Writing Advice

Help for Authors and Writers

The Craft of Writing: Describing Your Characters

How do you describe a character? Is it necessary to describe a character’s appearance in detail?

When it comes to describing a character physically, I tend to be of the opinion that less is more, and that the physical descriptions depend on the needs of the story.

These aren’t hard and fast rules, of course. The way you choose to describe your characters will become part of your writing style. One common technique I’ve heard some authors use to describe a character is to describe one physical trait, one behavioral trait, and one thing your protagonist notices. That’s a technique that Terry Pratchett, among others, has used to great effect.

Different genres have different conventions as well. Many romance novels don’t describe the protagonist in detail, so that the reader can insert herself into the scenes.

So in other words, this is very much an “it depends” sort of thing.

Like I said, I’m a big fan of less is more. Unless there’s a specific reason a character’s appearance is important, there’s not a lot of reason to give anything but a basic description.

If you do need to describe a character, either because there’s something unusual about the character or because their appearance is important to the story, I think it’s often best to show that importance by showing the character from other people’s perspectives. In one of our Passionate Pantheon novels, Eunice and I handled it like this:

Two days before the final selection, Savine disappeared. She was not in the great hall at breakfast, nor at dinner when Lija returned, tired and bruised, from the forest.

The day before the selection, a featureless black outline slipped into the great hall. Every eye followed it as it moved along the table and sat down next to Lija. It had the general shape of a person, if someone used a razor-sharp knife to cut the outline of a person out of the world, leaving only a black void behind. The dark shape wore no clothing. When it turned sideways, it sported a thick erection. It turned its head toward Lija, or at least Lija got the impression it was turning its head. Nothing gave dimension to the blackness. Savine’s eyes looked out at her from the inky void. “What do you think?” came Savine’s voice. “I designed it myself.”

“What…” Lija rubbed her eyes. “I’m not sure what I’m looking at.”

The outline moved. Lija felt warm hands over hers. “Feel,” Savine said, placing Lija’s hands on what would be a chest if a void could have a chest. Lija felt soft, smooth fur.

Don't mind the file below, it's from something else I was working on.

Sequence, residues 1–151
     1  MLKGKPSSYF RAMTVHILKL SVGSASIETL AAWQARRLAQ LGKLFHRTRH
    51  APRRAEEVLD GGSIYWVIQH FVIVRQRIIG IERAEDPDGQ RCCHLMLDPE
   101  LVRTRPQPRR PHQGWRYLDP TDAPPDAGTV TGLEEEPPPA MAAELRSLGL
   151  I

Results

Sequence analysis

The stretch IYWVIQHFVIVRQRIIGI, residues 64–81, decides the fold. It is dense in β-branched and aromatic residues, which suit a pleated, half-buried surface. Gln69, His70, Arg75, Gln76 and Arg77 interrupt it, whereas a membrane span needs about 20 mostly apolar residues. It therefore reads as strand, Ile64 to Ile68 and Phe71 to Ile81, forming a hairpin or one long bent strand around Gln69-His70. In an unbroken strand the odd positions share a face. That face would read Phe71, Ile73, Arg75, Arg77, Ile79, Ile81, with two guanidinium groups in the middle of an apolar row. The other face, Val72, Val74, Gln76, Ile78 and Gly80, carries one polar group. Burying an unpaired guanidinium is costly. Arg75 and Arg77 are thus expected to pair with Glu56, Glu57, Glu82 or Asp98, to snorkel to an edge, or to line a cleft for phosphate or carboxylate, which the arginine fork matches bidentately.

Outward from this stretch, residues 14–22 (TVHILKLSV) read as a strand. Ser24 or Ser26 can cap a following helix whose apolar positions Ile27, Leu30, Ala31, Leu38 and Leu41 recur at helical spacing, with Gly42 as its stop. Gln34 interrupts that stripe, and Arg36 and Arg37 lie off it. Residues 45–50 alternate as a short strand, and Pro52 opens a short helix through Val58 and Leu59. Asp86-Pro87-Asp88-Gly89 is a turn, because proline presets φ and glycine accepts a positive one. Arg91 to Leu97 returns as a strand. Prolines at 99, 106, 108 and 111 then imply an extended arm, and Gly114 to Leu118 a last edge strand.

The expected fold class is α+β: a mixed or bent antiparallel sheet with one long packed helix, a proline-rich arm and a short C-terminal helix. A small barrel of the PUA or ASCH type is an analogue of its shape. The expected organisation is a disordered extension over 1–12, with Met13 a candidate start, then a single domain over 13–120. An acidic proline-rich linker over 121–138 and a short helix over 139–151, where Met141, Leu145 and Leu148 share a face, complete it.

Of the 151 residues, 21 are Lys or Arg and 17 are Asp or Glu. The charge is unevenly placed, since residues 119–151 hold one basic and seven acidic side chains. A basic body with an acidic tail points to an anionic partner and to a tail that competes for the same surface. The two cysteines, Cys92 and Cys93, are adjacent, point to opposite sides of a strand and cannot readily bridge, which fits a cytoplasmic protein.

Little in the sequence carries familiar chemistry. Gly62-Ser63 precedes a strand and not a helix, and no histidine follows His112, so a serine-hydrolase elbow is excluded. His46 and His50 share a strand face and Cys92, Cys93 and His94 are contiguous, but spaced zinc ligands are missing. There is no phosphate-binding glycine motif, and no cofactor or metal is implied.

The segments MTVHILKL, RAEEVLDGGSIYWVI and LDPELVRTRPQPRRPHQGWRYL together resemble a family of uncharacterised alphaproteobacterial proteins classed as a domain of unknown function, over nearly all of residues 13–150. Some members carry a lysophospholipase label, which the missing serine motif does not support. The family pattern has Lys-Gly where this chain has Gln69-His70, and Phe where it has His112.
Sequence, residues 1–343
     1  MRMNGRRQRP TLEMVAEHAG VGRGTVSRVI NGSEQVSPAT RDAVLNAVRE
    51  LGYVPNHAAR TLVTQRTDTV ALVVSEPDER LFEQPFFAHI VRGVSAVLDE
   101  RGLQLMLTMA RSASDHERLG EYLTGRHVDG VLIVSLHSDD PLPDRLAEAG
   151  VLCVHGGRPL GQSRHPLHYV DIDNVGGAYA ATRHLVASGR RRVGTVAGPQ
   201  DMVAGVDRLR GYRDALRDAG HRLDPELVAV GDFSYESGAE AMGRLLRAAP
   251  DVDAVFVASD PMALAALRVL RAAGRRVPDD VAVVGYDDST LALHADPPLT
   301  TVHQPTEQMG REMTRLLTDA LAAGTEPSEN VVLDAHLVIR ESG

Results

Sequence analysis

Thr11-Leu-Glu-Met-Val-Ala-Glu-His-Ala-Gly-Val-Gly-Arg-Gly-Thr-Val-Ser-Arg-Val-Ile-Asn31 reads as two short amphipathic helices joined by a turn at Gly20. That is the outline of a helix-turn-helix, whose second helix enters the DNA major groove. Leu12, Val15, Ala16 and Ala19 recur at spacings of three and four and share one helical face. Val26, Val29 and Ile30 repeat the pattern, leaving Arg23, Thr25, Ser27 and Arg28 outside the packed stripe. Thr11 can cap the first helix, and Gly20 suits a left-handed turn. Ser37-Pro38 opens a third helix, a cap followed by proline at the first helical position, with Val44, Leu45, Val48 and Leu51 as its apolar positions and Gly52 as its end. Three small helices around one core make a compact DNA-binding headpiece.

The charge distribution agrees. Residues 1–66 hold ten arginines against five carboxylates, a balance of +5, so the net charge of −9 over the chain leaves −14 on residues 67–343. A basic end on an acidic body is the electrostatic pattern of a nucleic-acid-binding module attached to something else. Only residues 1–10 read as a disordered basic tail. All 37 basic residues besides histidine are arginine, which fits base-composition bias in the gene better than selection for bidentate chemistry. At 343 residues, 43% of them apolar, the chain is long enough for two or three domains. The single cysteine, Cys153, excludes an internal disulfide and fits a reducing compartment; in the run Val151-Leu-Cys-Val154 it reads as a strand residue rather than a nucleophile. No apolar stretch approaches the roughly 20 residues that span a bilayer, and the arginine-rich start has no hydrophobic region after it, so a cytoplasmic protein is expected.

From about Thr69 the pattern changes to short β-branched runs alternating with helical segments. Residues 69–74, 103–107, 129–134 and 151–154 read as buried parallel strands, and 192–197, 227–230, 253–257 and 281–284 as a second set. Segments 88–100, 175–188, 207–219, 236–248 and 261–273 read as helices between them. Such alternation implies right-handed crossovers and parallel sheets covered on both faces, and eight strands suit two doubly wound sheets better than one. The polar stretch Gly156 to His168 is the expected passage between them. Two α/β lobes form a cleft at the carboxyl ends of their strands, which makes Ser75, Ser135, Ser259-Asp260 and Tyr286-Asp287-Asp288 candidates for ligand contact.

“What is it?”

“Carbon fiber!” Savine said. “I have fur. Each strand has these little carbon fibers growing from it. It absorbs light, see? I did it for the Hunt.” She grinned at Lija. The grin made the blank darkness of her face even worse, because now instead of just a pair of eyes floating in absolute blackness, eyes and teeth leered from the void. “This is my hunting body!”

Lija gulped.
I also tend to believe that the right time to describe a character isn’t necessarily when the character is first introduced, but rather when it’s relevant—that is, when the character’s appearance is important to the plot, the setting, or the way other characters respond to them.

That might be right away—for example, if your character is exceptionally intimidating, exceptionally strong, or is unusual in some other way important to the plot.

A great example of describing characters when and to the degree that it’s relevant is Jack Reacher; in the books (as opposed to the movies with a terribly miscast Tom Cruise), Jack Reacher is huge and physically intimidating, which is important to how other characters react to him. So it’s mentioned early on, because it matters.

On the other hand, with the exception of specific details when they’re directly relevant, Eunice and I literally don’t describe our protagonist in our post-cyberpunk novel until the epilogue, and then only in general terms:

She stands at the edge of the water, a black canvas bag slung over one shoulder. Youthful features, perhaps late twenties, and pretty, with high cheekbones and a long wave of straight black hair. Behind her, the wreck of the Georgina Maersk claws jagged and broken at the rose-colored sky.

Three young men staggering home from some all-night revelry catch sight of her. The shirtless one whistles. Urged on by his companions, he approaches her. “Hey, baby,” he coos in his best attempt at drunken seduction. “You here alone?”

She turns to look at him through blank shark eyes that do not belong in that face. He sees something there, bottomless and old beyond her years, that steals his breath and freezes his heart in his chest. He takes a step back, hands spread wide, then turns away, to the safety of his friends. They tease him for his cowardice. “C’mon, guys,” he says, “let’s get the fuck out of here.”
Other than a scene early on when you learn she’s Chinese and another when you learn she’s five foot four, that’s…what you get.

For the most part, most of the time, a character’s appearance likely isn’t that important to the plot. You can describe the character in a sentence or two, but it’s usually not necessary to do more, unless there’s a compelling narrative reason for it.